The fact that Belgium Walter van Beek had not been able to gain the information from the Dogon tribe is not unexplainable due to the fact that the information was secret even to the members of the tribe themselves. Marcel Griaule became a much adored person by the tribe and as such the tribe members who knew about the secrets of the universe divulged their knowledge.

So all that is left is European visitors who came between 1925 and 1931 as Marcel had lived among the Dogon tribe for 16 years. This cannot be known.

Skeptic societies are a special breed because by virtue of stating 'I am a skeptic' this means any information that cannot be explained is automatically disbelieved. I am neither a skeptic nor do I base my knowledge on beliefs alone. I'd much prefer to question information being given to me and that includes skeptics themselves.

Josephine

#9 Buffy

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Posted 04 May 2005 - 10:53 PM

This has many linguistic mysteries. While the languages of such small tribes can be rich in words refering to the natural environment (the Inuits have dozens of different words for snow), they can be extremely limited with respect to other things and tend not to have many words associated with abstract concepts. I learned Swahili in high school, and was amazed at how few original words there were in the language and how it had in practice had added so many words in English to accomodate concepts that most speakers did not have to deal with more than 50 or so years ago. The languages of the "hill tribes" are even more limited, and frequently with African languages anything above 10 is simply refered to as "many" how did they relate "8 million" or "light years"? What words did they use to distinguish "revolve" from "orbit"? Primitive tribes especially--but even up to a few hundred years ago in civilized culture--did not recognize the differences between heavenly bodies other than by theirmovemnts. What did they use to convey that these were "stars" rather than "planets" or "moons"? How did they distinguish between "circular" and "elliptical"? How did they convey the concept of "density" and did they understand fractions?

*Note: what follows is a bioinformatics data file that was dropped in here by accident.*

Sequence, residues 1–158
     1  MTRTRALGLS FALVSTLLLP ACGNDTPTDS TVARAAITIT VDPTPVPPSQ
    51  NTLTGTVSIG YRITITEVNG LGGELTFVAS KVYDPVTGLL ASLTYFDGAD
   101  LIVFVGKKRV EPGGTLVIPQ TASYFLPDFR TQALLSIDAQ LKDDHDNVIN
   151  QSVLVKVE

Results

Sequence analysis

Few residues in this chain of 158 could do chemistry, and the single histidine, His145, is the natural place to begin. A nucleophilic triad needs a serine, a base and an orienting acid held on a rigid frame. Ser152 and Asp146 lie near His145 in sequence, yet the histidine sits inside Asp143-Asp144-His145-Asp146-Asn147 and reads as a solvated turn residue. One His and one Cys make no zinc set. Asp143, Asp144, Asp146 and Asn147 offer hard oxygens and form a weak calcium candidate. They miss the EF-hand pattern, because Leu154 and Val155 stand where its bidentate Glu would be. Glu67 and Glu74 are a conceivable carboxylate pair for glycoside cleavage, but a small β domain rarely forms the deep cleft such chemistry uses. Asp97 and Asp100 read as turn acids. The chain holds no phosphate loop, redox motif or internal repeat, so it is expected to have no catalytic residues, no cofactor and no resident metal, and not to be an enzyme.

Still questioning,
Buffy

#10 Damo2600

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Posted 05 May 2005 - 12:09 AM

I do not know and neither do you.

The information divulged was not common knowledge and subsequently not based on common tongue in West Africa certainly. Perhaps they had their own terms to describe the information passed on from their ancestors. (Now I look back I wrote 8 million which is definately not true. When I stated the distance is 8 light years I did not mean to state this was their understanding. I was pointing out that the amphibian creatures had travelled from sirius which I know of as 8 light years. I assumed that would be obvious so I apologise for the confusion.) Any information could be discerned from their own language through explanation and drawings they had produced in the sand.

The fact of this matter remains that we do not know how this tribe gained this information. How did they know about Sirius C?

I'm feeling comfortable, unlike the skeptics, with this remaining an unexplained phenomenom. This all may have been a misunderstanding or information passed on by Eastern visitors. We just do not know...

Josephine

#11 Buffy

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Posted 05 May 2005 - 12:51 AM

I do not know and neither do you.

Gee, I was only asking questions... I didn't say I knew anything other than my familiarity with these languages indicates they would have a lot of trouble indicating with much specificity what they meant, and if it was a rare language of a tribe with basically no contact with the outside world, it would take years to discern the meaning of "unknown" words. It would be good to consider the ramifications of the questions instead of dismissing them out of hand... Antrhopologists also would want to investigate the provenance of the information: who else was on the expedition? Were tapes made? Were the drawings photographed? Were there pictographs or pottery or etchings with pictures of the legend? What are the basic beliefs of their religion? Is it mono- or polytheistic? Animistic? Zoroastrian (very common in northern Africa, even in remote locations)?